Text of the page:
Scientists from the University of Bath’s Milner Centre for Evolution working with colleagues at the University of York have shown that for an important group of aquatic crustaceans called the Anomura, which includes hermit crabs, king crabs and squat lobsters, habitat warming decreases species diversity in marine environments. Intriguingly the researchers found that diversity of Anomura species in freshwater habitats increased with warmer temperatures.
The findings suggest there is no universal rule about how species diversity is affected by global warming and responses to climate change could be habitat dependent.
Previous research involving land-based vertebrate found that diversity tends to increase with warming and it had been thought this was a general trend across habitats.
Dr Katie Davis, who conducted the research at the University of Bath, and is now based at University of York, said: “While other research found that species diversity increased with global warming our findings suggest that this is not a universal rule. We find that the freshwater group follow this pattern, but their marine relatives show the opposite – they speciate with global cooling and diversity decreases with warming.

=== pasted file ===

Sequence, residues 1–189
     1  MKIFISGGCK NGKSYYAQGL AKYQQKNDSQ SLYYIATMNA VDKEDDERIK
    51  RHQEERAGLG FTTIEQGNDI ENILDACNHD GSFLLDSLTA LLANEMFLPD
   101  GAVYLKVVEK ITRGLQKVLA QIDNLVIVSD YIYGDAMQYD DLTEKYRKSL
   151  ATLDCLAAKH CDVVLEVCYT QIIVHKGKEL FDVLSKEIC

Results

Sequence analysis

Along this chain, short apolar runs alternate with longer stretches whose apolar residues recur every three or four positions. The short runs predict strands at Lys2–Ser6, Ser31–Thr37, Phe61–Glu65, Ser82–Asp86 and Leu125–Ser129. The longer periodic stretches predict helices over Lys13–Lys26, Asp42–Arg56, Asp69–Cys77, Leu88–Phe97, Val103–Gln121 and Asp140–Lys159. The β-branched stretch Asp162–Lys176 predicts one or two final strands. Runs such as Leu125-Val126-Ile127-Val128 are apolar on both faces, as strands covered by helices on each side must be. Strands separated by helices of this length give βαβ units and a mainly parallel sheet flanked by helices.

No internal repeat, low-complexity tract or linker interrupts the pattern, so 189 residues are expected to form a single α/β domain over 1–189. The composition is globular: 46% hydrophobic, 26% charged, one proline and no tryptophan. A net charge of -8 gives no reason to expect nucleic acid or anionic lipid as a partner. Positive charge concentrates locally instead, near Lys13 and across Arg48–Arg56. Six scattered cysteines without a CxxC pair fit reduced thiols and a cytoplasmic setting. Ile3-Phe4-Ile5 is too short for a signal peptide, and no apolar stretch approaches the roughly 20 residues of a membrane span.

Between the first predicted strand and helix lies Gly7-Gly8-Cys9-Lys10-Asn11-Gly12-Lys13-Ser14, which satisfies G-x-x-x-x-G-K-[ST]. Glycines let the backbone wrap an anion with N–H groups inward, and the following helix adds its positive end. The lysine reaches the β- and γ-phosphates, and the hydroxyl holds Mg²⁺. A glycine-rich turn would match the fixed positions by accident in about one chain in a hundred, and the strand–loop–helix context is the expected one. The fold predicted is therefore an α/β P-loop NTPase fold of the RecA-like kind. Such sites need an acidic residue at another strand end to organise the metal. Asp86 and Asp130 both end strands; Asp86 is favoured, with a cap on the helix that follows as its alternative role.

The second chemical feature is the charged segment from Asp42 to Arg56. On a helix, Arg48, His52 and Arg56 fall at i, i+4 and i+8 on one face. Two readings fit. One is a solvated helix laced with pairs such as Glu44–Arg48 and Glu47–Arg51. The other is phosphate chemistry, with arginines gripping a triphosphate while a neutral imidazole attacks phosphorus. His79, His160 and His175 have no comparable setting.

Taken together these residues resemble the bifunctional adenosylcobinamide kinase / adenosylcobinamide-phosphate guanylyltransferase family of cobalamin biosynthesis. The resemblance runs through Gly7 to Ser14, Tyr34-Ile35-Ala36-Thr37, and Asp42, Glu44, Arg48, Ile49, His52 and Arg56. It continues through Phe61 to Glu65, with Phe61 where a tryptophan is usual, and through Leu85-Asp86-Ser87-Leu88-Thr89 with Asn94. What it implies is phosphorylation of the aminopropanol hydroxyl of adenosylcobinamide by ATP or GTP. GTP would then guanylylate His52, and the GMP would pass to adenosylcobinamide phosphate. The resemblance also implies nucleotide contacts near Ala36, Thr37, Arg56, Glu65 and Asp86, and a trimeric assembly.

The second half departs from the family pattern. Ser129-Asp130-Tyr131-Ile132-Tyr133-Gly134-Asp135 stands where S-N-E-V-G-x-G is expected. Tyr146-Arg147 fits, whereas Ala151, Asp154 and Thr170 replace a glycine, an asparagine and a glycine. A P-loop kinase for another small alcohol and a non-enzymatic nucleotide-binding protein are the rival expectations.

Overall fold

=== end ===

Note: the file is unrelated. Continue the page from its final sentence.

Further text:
“This is the first research to suggest that species response to climate change, whether warming or cooling, could be habitat dependent. It’s not easy to disentangle the causes in the case of Anomura but it’s possible that shallow marine organisms might be affected by factors such as sea level changes and tectonics because both these things affect the amount of shelf habitat available. These factors wouldn’t affect freshwater organisms in the same manner.”
“Given that crustaceans play a crucial role in marine ecosystems, as well as providing an important food source for many societies, it is important that management of marine ecosystems accounts for this potential loss in biodiversity.”
The paper is published in Nature Communications.
The study was funded by the Biotechnology and Biological Sciences Research Council (BBSRC).